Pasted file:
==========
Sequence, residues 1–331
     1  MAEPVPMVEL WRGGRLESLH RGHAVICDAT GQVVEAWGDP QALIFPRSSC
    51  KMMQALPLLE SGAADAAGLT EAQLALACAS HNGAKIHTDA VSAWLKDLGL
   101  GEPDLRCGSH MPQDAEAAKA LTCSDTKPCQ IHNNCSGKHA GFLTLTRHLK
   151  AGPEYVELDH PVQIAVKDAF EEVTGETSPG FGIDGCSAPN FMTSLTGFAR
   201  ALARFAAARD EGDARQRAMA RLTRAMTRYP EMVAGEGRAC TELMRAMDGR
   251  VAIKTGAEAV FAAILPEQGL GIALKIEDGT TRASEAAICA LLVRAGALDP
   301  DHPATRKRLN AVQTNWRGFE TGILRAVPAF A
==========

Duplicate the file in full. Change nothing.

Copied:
Sequence, residues 1–331
     1  MAEPVPMVEL WRGGRLESLH RGHAVICDAT GQVVEAWGDP QALIFPRSSC
    51  KMMQALPLLE SGAADAAGLT EAQLALACAS HNGAKIHTDA VSAWLKDLGL
   101  GEPDLRCGSH MPQDAEAAKA LTCSDTKPCQ IHNNCSGKHA GFLTLTRHLK
   151  AGPEYVELDH PVQIAVKDAF EEVTGETSPG FGIDGCSAPN FMTSLTGFAR
   201  ALARFAAARD EGDARQRAMA RLTRAMTRYP EMVAGEGRAC TELMRAMDGR
   251  VAIKTGAEAV FAAILPEQGL GIALKIEDGT TRASEAAICA LLVRAGALDP
   301  DHPATRKRLN AVQTNWRGFE TGILRAVPAF A